|Hearing to Commit Priest Convicted of Sexual Assault Begins
Lawyers, Mental Health Experts Debate Risk of Repeat Abuse
By Art Barnum
March 14, 2008
As opening statements in his civil commitment hearing began Friday with explicit details of his sexual abuse of more than a dozen young boys, Rev. Fred Lenczycki silently bowed his head.
"A leopard doesn't change its spots," said Illinois Assistant Atty. Gen. Michael Kress, who addressed the DuPage County jury in his effort to make Lenczycki the first member of the clergy in Illinois to be incarcerated under the Illinois Sexually Violent Persons Commitment Act.
"A man who doesn't learn from his history is doomed to repeat it," Kress said.
He contends that Lenczycki remains a high risk to molest again despite having completed a prison term in 2006 for the criminal sexual abuse of three Hinsdale Catholic school boys in the 1980s.
Four members of Lenczycki's family were present during the first day of the hearing in Wheaton but declined to comment.
Defense attorney James Montgomery told the jury that Lenczycki's present attitudes differ from when he offended.
Lenczycki, 63, was ordained as a Roman Catholic priest in the Joliet Diocese in the 1970s.
"No one can accurately predict that failure of human nature, but the risk of recidivism is small," Montgomery said.
Evidence includes the testimony of four mental health experts, two supporting the state's point of view and two supporting the defense.
All four agree he suffers from the mental disorder of pedophilia, but they disagree on his future criminal actions.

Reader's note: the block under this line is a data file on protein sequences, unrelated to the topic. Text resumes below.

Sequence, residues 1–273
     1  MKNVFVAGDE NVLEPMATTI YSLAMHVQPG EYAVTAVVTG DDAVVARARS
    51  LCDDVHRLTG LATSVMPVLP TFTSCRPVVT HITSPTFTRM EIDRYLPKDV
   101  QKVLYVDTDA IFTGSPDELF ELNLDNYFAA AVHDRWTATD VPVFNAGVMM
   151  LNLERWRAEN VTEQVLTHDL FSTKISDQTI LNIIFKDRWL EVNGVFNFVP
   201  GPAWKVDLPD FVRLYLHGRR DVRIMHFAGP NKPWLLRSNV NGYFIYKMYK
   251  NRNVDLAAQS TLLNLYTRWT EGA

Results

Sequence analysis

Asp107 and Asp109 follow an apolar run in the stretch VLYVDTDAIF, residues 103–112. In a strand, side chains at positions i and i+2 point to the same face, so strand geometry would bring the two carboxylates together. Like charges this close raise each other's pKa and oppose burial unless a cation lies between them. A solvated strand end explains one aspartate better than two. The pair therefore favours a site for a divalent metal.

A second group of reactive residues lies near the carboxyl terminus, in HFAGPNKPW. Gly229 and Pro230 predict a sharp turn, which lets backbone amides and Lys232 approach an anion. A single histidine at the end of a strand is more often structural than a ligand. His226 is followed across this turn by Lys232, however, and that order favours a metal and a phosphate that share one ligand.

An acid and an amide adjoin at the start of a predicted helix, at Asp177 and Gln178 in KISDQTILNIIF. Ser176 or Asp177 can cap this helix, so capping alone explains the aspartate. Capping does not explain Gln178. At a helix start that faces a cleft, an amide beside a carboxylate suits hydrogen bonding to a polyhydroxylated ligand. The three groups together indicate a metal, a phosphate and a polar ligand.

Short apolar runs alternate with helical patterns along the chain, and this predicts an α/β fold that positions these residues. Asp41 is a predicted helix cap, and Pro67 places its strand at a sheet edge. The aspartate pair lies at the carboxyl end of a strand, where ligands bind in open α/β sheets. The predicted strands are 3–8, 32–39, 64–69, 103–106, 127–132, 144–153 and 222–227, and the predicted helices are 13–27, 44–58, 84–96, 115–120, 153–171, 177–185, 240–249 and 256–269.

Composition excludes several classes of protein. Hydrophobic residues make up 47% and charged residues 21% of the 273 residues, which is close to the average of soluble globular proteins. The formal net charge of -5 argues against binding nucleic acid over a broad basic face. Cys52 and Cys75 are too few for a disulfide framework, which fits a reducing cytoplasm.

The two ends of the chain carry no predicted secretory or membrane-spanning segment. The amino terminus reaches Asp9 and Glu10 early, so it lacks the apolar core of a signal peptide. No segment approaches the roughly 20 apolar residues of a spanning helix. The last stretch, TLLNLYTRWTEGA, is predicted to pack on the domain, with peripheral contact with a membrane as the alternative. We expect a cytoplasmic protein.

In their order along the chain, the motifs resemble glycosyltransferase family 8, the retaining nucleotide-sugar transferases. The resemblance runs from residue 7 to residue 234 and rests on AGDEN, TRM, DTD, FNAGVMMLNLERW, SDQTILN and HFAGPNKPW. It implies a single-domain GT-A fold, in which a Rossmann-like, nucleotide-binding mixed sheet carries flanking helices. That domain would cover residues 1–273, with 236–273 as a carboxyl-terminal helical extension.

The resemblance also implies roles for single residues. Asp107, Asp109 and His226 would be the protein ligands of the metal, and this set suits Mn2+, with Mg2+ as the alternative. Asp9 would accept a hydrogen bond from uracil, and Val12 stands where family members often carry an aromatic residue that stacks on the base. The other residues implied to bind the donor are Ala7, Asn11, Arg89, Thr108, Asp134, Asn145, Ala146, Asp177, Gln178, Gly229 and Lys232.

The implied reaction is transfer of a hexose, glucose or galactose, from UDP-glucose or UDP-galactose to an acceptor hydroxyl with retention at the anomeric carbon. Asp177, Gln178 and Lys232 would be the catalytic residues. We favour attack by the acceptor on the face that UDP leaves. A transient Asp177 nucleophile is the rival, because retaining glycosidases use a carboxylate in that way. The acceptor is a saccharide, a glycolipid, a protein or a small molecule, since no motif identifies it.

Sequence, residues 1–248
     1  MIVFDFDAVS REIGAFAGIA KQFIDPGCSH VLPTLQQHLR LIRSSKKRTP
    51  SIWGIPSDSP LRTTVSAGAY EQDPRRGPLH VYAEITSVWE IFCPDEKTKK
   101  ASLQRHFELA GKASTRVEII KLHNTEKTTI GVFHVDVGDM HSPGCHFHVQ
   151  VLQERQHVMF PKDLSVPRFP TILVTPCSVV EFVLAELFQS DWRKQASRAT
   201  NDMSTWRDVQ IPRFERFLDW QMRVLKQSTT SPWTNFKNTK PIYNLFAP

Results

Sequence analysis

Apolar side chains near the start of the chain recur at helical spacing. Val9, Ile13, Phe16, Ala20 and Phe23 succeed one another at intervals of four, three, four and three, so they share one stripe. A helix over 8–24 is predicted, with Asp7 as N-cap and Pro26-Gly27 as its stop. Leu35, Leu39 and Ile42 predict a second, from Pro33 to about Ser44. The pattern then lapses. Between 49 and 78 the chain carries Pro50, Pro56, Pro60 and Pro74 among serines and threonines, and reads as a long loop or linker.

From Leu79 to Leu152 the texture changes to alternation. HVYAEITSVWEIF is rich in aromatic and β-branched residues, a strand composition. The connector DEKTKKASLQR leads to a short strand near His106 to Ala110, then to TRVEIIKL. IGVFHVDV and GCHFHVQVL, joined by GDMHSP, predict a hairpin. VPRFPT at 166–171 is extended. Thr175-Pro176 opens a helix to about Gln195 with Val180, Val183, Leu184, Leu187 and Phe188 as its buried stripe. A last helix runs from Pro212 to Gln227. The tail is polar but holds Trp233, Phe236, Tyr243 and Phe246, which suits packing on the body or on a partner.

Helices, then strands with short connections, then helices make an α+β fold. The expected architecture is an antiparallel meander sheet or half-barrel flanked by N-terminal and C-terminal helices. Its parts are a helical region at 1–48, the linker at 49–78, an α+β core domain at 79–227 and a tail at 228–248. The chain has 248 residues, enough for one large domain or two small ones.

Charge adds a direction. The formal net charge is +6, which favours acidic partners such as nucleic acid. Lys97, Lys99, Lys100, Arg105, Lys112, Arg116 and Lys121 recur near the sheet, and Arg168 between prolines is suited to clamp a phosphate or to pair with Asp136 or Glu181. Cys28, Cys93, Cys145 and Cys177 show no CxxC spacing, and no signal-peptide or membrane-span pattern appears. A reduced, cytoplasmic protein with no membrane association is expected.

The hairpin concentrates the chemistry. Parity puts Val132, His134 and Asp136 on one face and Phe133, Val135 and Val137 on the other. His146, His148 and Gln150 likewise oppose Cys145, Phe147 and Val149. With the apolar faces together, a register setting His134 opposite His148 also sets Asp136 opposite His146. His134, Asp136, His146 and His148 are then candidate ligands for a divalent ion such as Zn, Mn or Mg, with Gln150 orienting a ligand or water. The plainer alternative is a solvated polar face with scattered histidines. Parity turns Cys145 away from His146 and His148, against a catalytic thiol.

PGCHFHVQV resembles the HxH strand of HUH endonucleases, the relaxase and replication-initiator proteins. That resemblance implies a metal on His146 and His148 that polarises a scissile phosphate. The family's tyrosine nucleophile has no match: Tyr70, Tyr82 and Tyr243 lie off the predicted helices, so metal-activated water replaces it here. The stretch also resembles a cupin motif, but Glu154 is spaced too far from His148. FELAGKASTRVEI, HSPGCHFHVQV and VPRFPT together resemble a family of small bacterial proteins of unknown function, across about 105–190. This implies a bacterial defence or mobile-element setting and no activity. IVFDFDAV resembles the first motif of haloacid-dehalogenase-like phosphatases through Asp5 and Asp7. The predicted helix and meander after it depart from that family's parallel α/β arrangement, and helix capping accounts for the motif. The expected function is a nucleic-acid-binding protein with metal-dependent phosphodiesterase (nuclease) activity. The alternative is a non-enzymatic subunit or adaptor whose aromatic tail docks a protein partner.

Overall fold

Amy Phenix, a California clinical psychologist testifying for the state, said Lenczycki "was a high risk for re-offending.
He has never been able to stop himself over 25 years."
She also noted that previous treatment for Lenczycki, who is in the DuPage County Jail, hasn't worked.
Montgomery countered that treatment was considered inadequate or poor until the 1990s and that Lenczycki had a spotless record in prison and no criminal history other than his sexual misbehavior.
He said that at Lenczycki's age, the priest has a 4 percent to 5 percent possibility of re-offending.
At age 70, that probability will be zero, Montgomery said.
"He has been in treatment for the past two years and remains in treatment today," the attorney said.
Kress detailed Lenczycki's history of sexual abuse, which allegedly began several years after his ordination in 1972 and continued through his 2004 conviction for the crimes committed at St. Isaac Jogues Parish in Hinsdale.
Although previous public statements have said Lenczycki may have molested as many as 13 different victims, testimony Friday put that number at more than two dozen from about six of Lenczycki's assignments in Illinois, California and Missouri over several years.
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